Slavery was finally abolished in French colonies in The ideas of liberty and democratic rights were the most important legacy of the French Revolution. Deists appreciated God as a reasonable Deity. A reasonable God endowed humans with rationality in order that they might discover the moral instructions of the universe in the natural law. Deists were typically though not always Protestants, sharing a disdain for the religious dogmatism and blind obedience to tradition exemplified by the Catholic Church.

Rather than fight members of the Catholic faith with violence and intolerance, most deists resorted to the use of tamer weapons such as humor and mockery. Some struggled with the tensions between Calvinist orthodoxy and deist beliefs, while other subscribed to the populist version of deism advanced by Thomas Paine in The Age of Reason.

The French Revolution and the Catholic Church

Despite the near absence of God in human life, American deists did not deny His existence, largely because the majority of the populace still remained strongly religious, traditionally pious and supportive of the good works for example monasteries, religious schools and community service that the clergy did. Another idea central to American Enlightenment thinking is liberalism, that is, the notion that humans have natural rights and that government authority is not absolute, but based on the will and consent of the governed.

Rather than a radical or revolutionary doctrine, liberalism was rooted in the commercial harmony and tolerant Protestantism embraced by merchants in Northern Europe, particularly Holland and England. Liberals favored the interests of the middle class over those of the high-born aristocracy, an outlook of tolerant pluralism that did not discriminate between consumers or citizens based on their race or creed, a legal system devoted to the protection of private property rights, and an ethos of strong individualism over the passive collectivism associated with feudal arrangements.

Liberals also preferred rational argumentation and free exchange of ideas to the uncritical of religious doctrine or governmental mandates. In this way, liberal thinking was anti-authoritarian. Although later liberalism became associated with grassroots democracy and a sharp separation of the public and private domains, early liberalism favored a parliamentarian form of government that protected liberty of expression and movement, the right to petition the government, separation of church and state and the confluence of public and private interests in philanthropic and entrepreneurial endeavors.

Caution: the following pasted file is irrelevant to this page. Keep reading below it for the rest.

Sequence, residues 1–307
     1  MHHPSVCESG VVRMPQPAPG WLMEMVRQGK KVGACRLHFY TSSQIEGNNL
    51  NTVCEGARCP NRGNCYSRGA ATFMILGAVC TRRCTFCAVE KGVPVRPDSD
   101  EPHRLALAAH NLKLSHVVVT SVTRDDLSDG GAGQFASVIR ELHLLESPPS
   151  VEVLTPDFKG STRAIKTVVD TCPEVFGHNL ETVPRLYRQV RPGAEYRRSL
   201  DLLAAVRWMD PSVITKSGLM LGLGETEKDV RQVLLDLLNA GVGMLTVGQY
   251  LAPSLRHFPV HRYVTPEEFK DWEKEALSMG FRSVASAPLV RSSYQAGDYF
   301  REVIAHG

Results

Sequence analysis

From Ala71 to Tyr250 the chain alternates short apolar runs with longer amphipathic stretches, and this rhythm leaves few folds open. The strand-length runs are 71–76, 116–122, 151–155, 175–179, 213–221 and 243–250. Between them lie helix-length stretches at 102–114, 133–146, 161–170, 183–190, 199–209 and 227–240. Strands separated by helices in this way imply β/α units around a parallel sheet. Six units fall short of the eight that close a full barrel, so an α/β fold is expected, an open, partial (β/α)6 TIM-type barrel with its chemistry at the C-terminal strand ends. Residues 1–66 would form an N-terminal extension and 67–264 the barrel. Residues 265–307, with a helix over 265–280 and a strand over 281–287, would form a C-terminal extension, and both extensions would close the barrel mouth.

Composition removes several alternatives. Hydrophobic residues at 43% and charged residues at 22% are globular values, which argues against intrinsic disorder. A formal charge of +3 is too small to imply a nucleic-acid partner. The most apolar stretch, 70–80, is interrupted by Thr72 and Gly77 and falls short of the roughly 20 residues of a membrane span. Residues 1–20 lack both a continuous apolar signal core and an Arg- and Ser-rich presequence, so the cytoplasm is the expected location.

The U. Bill of Rights, the first ten amendments to the Constitution, guarantees a schedule of individual rights based on the liberal ideal. Republican values include civic patriotism, virtuous citizenship and property-based personality. Developed during late antiquity and early renaissance, classic republicanism differed from early liberalism insofar as rights were not thought to be granted by God in a pre-social state of nature, but were the products of living in political society.

On the classical republican view of liberty, citizens exercise freedom within the context of existing social relations, historical associations and traditional communities, not as autonomous individuals set apart from their social and political ties. The Jeffersonian ideal of the yeoman farmer, which had its roots in the similar Roman ideal, represented the eighteenth-century American as both a hard-working agrarian and as a citizen-soldier devoted to the republic.

When elected to the highest office of the land, George Washington famously demurred when offered a royal title, preferring instead the more republican title of President. Though scholarly debate persists over the relative importance of liberalism and republicanism during the American Revolution and Founding see Recent Work section , the view that republican ideas were a formative influence on American Enlightenment thinking has gained widespread acceptance.

Though the Enlightenment is more often associated with liberalism and republicanism, an undeniable strain of conservatism emerged in the last stage of the Enlightenment, mainly as a reaction to the excesses of the French Revolution. Though it is argued that Burkean conservatism was a reaction to the Enlightenment or anti-Enlightenment , conservatives were also operating within the framework of Enlightenment ideas.